|The 2004 Volkswagen Phaeton
Phaeton is the rich man's V-dub
By Bruce Hotchkiss © AutoWire.Net
San Francisco: Sometimes I think the whole world is going crazy. This is one of those times. More and more people move to California, while those already here bemoan the fact that they cannot afford to live here. Millions of people buy gas guzzling SUVs, pickups, and cars while the price of fuel leaps past two bucks a gallon and then openly complain that gas is too expensive. And a Volkswagen now bumps up against the $100,000 mark!
Does this make sense to anyone? Volkswagen, by its very name, the people's car, has designs on the rich and famous? Suddenly the most absurd becomes sane. Why would Volkswagen do this? Why would they openly compete with their corporate brethren, Audi? Marketing? Maybe there just were not enough VW owners moving up to Audi, moving instead to a different brand? By creating an upscale VW, the faithful do not have to leave the fold when they strike it rich?
I know, I said I would not write negative articles but it is just getting to be too much. Isn't a $100,000 people's car close to the ultimate oxymoron?
OK, having vented, I will now say the Phaeton is a nice car. I did not drive the top of the line, W12 (6.0-liter, W12-cylinder engine), $94,600 Phaeton. No, I drove the 4.2-liter V8, $64,600 ($74,365 with options and destination) Phaeton. It was a very nice, extremely competent car.
The V8, essentially the Audi 4.2-liter V8 rated at five more horsepower, driving through a 6-speed automatic transmission and 4MotionTM all-wheel drive, moved the Phaeton quite nicely. I can only imagine the extra 85 hp of the W12. VW says the V8 gets the 5,194 lb. Phaeton to 60 mph in 6.7 seconds and it tops out at 130. The W12, weighing an additional 205 lbs., gets to 60 in 5.9 seconds.
The transmission, the only one available, is a technical marvel. The idea behind a six-speed automatic is to keep the engine in its optimum operating rpm range. It works great in theory and it worked great at full throttle.
At partial throttle though the transmission was pretty busy up-shifting, then down-shifting, and up-shifting again, all depending on the incline of the road, and throttle application.
The Phaeton was designed to compete with the best European luxury cars. It does. There is a feel of quality throughout and the attention to detail is phenomenal. Take the trunk hinges, which look like they belong in a museum. They are cast aluminum, beautifully machined and polished. The trunk opens and closes automatically with the touch of a button. Nothing new with that, but I have never seen an automatic trunk that works so silently, or one where I had no idea where the motor was hidden.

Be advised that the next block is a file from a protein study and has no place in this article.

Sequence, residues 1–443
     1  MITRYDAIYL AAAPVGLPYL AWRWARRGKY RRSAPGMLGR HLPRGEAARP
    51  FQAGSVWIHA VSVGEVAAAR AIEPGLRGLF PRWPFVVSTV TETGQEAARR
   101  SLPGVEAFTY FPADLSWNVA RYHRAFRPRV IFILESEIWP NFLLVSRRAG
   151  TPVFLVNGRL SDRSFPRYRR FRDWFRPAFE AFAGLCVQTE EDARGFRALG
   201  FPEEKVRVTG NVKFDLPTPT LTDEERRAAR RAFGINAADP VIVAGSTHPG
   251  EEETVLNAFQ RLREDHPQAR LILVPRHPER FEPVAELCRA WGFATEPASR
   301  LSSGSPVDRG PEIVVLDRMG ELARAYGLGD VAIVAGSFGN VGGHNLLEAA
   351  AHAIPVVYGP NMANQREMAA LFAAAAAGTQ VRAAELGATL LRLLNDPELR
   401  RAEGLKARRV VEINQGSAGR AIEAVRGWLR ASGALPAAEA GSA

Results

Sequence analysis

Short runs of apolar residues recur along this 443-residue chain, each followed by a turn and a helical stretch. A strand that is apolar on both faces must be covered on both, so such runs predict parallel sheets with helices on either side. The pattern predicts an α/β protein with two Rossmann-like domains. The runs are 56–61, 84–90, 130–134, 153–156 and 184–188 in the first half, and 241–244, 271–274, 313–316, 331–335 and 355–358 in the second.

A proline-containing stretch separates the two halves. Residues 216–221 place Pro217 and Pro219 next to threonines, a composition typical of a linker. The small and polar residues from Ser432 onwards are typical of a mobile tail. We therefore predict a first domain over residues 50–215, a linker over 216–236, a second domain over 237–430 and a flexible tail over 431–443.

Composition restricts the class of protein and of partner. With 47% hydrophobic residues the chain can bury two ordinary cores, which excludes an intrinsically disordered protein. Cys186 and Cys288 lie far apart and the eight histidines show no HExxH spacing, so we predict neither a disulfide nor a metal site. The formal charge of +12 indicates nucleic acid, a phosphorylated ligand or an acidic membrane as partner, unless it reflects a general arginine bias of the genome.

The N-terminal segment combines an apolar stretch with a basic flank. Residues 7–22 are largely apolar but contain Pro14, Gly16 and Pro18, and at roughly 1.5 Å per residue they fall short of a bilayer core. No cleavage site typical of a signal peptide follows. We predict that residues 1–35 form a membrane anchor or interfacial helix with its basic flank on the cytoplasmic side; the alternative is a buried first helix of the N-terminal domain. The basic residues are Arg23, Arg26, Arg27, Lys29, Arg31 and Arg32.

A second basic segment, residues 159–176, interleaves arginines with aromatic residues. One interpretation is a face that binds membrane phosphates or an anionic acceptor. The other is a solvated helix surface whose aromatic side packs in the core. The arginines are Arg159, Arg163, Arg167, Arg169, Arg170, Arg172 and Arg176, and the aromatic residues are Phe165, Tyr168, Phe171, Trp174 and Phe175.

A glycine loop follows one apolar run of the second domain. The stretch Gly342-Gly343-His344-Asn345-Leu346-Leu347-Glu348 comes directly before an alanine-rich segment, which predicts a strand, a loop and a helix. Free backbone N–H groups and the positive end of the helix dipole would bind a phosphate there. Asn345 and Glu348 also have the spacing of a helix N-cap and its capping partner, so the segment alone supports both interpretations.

The Phaeton almost seems like it is intended to be chauffeur driven. The back seat has so much legroom, even with the front seat fully rear I could sit in the back and not touch the front seats. A great place to sit and read the Wall Street Journal while your driver negotiates through the perils of the morning.
In a tradition that annoys me, VW continues to make it so that I have to read the owner's manual to understand the controls. Even then, things kept happening that I did not know why. One night, out of the blue, the lighted cruise control buttons (on the steering wheel) went dead. I could not figure out what had happened. The next day while browsing the owner's manual I noticed a small button on the side of the steering wheel's center. I must have brushed it and turned the lights off. I like controls that are intuitive.
When I am driving, I do not want to take my eyes off the road to see where this or that is, I want to reach out and find it at my fingertips. Like many men, I do not want to have to read some voluminous owner's manual just to find out how to open the fuel filler door! I have seen paperback novels shorter than the manual of the Phaeton.
The fuel consumption of the Phaeton is not too bad, all things considered. The V8 is rated at 15-city and 22-highway; the W12 at 12-city and 19-highway. Premium is recommended for both engines.
I really do not know what to say about the Phaeton. It is a good car but I just cannot come to grips with such a pricey VW. I do not understand the rationale for it. Is it for VW buyers with too much money? Or people with money who want to give the impression they are of the people? How will it play with the rich and famous? Will they brag about driving a VW, a $94,000+ one at that? I have an upscale, name-brand conscious friend who said it all with "I don't care what it costs, it's still a Volkswagen!"
So tell me, has the whole world gone crazy or what?
By Bruce Hotchkiss © AutoWire.Net – San Francisco.
Byline: Syndicated content provided by Tony Leopardo © AutoWire.Net
Column Name: Phaeton is the rich man's V-dub
Topic: The 2004 Volkswagen Phaeton
Word Count: 898
Photo Caption: The 2004 Volkswagen Phaeton
Photo Credits: Volkswagen Internet Media
Series #: 2004 - 15